In a previous interview, Kerri Thomson suggested if I ever…
In her 2003 ‘The Age’ article on Australia’s finest winemakers Jeni Port asked 50 Australian winemakers, educators, wine buyers and sommeliers to name their top three living wine makers.
The voting was very close – only a few votes separated the top three winemakers, John Vickery, Rick Kinzbrunner and Brian Croser.
Jeni described John as Australia’s greatest riesling master or meister the term Philip White likes to use.
I’ve photographed John a few times over the years and riesling is one of my favorite whites, in fact I just bought both the Vickery 2016’s, they are looking very good, very good indeed…
Here’s John’s story,
What are you currently do now.
I am involved with WD Wines.
Together with Phil Lehmann the wine-maker, we make two rieslings.
They came along with the idea to market a wine with my name on it. We had long discussions about the label. I had my own ideas, I didn’t win.
I wanted something more subtle, but they must have been right because it sold really well. In fact they didn’t tell me what the stock levels were and I had trouble getting some.
Phil and I have a good working relationship.
The 2016’s are looking very good. The Eden Valley is stylistically spot on in a floral style, as well as the favour intensity of the Watervale.
What was your early life like ?
I grew up in Lameroo in the Mallee area of South Australia.
The love of my life was the land and the Mallee. My father was the headmaster at the local school. We lived there until we shifted to the city during the war in the early 1940’s.
Grandfather was on the land. My father was born in the Murchison, North of Kalgoorlie.
The family set up Vickery’s Meadow Dairy in the goldfields and delivered milk to the miners. To keep the milk cool he built a structure and grew ivy over it to cover it as a natural cooling system. All the stock food had to be bought up from down south on bullock wagons.
They came back to South Australia in 1910. Story goes he had £10,000 in his pocket and some gold. My father would have been six then.
They moved to Meadows in a property called Pinely on Vickery Road. It was burned down in the 1939 bushfires but the pine tress survived the fire and are still there. The whole family had been on the land except father who was head of the LeFevre High school and his brother Edwin who was also a school teacher.
Father or someone else suggested that I should apply to study dentistry. Christ I thought, I’m not spending my life looking into people’s mouths so I got a Commonwealth scholarship and went off to Roseworthy to study agriculture.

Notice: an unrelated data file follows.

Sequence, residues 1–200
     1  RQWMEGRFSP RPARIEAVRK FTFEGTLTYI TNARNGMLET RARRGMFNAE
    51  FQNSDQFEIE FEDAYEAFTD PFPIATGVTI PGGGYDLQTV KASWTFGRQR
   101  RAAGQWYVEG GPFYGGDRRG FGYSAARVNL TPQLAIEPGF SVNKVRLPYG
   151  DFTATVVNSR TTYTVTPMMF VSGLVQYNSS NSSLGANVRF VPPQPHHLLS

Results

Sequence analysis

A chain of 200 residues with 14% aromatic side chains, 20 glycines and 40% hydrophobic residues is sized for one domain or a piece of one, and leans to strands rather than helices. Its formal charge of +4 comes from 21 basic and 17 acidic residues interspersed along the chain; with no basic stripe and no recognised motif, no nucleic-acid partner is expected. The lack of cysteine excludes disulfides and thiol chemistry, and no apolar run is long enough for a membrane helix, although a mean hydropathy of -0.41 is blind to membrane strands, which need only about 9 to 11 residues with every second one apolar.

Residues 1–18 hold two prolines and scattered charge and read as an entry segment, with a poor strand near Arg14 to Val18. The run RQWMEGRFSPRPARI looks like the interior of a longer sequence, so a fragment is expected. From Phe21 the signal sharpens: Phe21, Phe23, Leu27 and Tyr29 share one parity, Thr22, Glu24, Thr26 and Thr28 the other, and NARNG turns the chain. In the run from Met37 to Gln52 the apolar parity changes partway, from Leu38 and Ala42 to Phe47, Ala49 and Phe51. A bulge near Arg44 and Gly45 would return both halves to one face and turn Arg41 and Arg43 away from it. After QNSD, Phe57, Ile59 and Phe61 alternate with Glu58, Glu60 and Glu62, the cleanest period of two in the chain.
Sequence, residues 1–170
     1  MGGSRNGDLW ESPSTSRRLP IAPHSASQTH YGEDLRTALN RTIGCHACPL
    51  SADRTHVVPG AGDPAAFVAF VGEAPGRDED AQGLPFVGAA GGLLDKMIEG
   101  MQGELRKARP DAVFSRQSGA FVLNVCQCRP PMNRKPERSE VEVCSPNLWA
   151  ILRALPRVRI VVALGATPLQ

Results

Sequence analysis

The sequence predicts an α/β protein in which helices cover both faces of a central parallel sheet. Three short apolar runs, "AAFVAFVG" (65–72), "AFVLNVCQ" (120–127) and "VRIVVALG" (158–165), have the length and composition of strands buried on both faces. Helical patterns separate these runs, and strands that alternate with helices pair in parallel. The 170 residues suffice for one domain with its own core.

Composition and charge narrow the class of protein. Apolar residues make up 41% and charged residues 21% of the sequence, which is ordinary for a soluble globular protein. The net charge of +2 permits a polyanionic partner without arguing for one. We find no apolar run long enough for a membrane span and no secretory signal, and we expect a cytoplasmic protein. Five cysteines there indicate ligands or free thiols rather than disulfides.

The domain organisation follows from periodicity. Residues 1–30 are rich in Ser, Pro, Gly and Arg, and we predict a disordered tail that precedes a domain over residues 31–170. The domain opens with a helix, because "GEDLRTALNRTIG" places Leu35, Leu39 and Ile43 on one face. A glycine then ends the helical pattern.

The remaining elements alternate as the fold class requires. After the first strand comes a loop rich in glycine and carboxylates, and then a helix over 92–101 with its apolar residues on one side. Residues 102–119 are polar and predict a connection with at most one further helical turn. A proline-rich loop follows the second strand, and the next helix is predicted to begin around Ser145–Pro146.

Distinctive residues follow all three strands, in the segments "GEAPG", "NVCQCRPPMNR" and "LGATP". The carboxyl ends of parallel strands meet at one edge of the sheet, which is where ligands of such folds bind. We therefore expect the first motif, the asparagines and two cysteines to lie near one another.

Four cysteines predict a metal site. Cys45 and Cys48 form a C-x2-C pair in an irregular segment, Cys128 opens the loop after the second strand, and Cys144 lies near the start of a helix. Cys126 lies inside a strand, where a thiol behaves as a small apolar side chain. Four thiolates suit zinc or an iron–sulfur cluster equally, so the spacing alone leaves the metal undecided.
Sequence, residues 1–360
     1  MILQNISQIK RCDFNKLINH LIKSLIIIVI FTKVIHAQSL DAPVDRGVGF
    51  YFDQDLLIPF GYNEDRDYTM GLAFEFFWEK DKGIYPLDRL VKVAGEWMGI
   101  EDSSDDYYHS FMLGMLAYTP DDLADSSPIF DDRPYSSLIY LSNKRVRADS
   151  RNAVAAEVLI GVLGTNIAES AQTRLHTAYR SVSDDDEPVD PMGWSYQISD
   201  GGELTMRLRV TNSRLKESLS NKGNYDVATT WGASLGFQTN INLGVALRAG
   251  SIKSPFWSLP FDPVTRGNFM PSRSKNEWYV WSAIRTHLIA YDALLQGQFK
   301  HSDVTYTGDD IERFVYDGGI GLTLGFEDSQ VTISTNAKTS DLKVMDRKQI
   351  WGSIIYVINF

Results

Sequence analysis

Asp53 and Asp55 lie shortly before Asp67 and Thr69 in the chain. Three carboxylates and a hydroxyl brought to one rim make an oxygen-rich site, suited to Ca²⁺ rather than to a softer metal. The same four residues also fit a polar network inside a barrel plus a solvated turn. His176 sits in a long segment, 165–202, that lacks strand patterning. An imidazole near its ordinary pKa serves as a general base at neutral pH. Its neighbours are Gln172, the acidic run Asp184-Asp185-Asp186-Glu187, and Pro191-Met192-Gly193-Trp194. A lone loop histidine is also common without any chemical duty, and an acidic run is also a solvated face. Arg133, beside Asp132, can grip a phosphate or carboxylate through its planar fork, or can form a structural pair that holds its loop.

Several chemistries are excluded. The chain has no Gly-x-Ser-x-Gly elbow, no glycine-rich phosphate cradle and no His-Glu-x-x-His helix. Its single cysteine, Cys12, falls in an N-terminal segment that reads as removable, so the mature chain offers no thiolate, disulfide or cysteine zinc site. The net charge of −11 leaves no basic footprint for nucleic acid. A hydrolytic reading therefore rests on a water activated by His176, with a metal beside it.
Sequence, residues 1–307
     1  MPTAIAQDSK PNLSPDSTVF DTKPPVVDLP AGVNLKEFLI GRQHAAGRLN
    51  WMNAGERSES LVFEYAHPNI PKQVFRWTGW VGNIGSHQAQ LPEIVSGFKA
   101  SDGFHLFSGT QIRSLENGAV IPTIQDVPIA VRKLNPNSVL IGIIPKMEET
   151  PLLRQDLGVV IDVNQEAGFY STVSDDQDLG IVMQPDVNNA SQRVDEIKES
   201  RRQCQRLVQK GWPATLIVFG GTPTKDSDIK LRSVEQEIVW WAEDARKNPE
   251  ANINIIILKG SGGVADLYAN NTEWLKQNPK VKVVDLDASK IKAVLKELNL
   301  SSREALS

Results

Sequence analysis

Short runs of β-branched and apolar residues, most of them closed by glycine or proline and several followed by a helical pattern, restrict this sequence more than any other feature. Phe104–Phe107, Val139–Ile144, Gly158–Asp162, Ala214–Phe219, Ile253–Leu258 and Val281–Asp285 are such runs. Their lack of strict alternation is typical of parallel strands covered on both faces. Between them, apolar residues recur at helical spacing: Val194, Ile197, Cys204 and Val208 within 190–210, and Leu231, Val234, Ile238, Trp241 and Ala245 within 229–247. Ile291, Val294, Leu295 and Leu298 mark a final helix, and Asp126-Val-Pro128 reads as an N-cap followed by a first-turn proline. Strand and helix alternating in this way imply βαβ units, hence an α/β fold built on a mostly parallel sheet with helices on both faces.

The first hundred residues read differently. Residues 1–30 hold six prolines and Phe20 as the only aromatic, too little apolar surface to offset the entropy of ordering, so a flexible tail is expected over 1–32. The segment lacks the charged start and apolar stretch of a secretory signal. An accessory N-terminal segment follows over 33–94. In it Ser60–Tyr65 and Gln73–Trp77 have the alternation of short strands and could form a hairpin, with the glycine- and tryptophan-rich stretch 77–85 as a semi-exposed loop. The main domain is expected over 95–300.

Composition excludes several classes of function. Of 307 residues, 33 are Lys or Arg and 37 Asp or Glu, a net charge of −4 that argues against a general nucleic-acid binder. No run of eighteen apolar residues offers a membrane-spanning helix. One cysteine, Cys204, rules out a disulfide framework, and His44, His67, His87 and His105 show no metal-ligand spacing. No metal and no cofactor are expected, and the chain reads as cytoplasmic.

You’ve been involved in the wine industry for many years how did you start.
I spent three years doing agriculture, and someone suggested the wine course. I didn’t have much interest in wine but I started the wine course or ‘Oenology’ as it was called then in 1953.
While I was a student I worked a vintage at the Emu wine company in Morphett Vale. It was a very modern winery with huge refrigeration plants, everything was chilled, very unusual in those years.
I did another one at Woodleys winery owned by Tony Nelson.
I drove a taxi at Port Adelaide at night for drinking pocket money and to pay the bills while I worked there. When ever I saw Tony later, his favourite saying when introducing me was, “this is the bloke who is famous for arriving late and knocking off early”.
I matriculated from Roseworthy in 1955 and started at Leo Buring Proprietary Ltd as a junior wine maker. I was employed by the late Mr Leo Buring. Over the years I worked for Burings, then Lindemans , then Southcorp (now TWE) , then Orlando after they bought the Orange Grove winery.
The original Orange Grove Winery was owned by Mr EG Hoffman. After his death Leo Buring bought the winery and built the Chateau Leonay.
My boss in 1955 at Chateau Leonay was Reg Shipster. Reg was an ex army AIF personnel and served in the Eqypt and Greece campaigns. I was with Lindemans in the Coonawarra at Rouge Homme in the mid 1970’s .
At that stage we had something like 250 grape growers in the Barossa, they shifted me back to the Barossa to handle the winery retrenchments in 1982. Fortunately Philip Morris looked after everybody in the winery, with very generous redundancy payments. I had tell most of the 250 growers that we didn’t want their fruit.
All except a few growers that we had contracts with, from memory there were about 24 contracted growers.
Leo Buring ‘DWC 17 A’ 1973 Eden Valley Riesling is one of Australia’s most famous white wines. You made it, do you reckon you have ever made a better wine and if so what was it ?
The 1971 was excellent as were all the early 70’s up until 1973.
*As a footnote former Penfolds Chief Wine-maker John Duval when asked about old riesling said, ‘I don’t know if it’s the best of the Leo Burings, but the DWC 17 Eden Valley Riesling from 1973 is simply brilliant.’
Wine : is it art or science or both ?
I was always credited as being a bit particular, but I think you have to be to make good wine, particular white wine, and it helps with red wine as well.
We had a good grounding in science and chemistry at Roseworthy. What we did in the early 60s was develop systems to make fresh un-oxidised wines. I think our first show award was in 63.
What causes that honeyed flavour in older Riesling ?
I have always attributed that to phenolics, poor handling, oxygen or poor quality corks. You get oxygen exchange through the cork. During the wine making process we preserved or blanketed the wine with inert Co2 gas or a nitrogen mixture to prevent oxidation.
Leading on from that comment, Rick Burge asked me to ask you. What you think of dry ice and oxygen ?
We did use dry ice in the early days. We’d float a plastic container of dry ice on a chain, it’s heavier than air so it diffused the CO2 putting a blanket over the wine. We had facilities for gassing tanks at Burings in the late 60’s and early 70’s. We were doing these things quite early. Before the rest of the industry became aware of it.